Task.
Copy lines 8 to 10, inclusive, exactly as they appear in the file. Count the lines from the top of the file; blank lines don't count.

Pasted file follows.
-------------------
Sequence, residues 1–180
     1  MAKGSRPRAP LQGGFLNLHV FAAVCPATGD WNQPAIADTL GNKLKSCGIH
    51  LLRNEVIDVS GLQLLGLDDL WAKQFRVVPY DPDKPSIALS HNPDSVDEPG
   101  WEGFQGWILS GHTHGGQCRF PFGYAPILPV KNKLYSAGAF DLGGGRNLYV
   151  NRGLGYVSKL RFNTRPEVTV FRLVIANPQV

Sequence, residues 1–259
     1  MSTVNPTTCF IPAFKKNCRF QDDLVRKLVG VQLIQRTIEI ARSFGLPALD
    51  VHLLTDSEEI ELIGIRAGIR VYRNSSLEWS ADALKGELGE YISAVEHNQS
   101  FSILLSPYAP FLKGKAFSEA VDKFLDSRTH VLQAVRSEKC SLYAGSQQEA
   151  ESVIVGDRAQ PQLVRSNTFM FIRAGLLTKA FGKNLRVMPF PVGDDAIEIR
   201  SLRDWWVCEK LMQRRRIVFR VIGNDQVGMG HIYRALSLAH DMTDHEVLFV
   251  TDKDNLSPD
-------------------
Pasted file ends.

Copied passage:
    51  VHLLTDSEEI ELIGIRAGIR VYRNSSLEWS ADALKGELGE YISAVEHNQS
   101  FSILLSPYAP FLKGKAFSEA VDKFLDSRTH VLQAVRSEKC SLYAGSQQEA
   151  ESVIVGDRAQ PQLVRSNTFM FIRAGLLTKA FGKNLRVMPF PVGDDAIEIR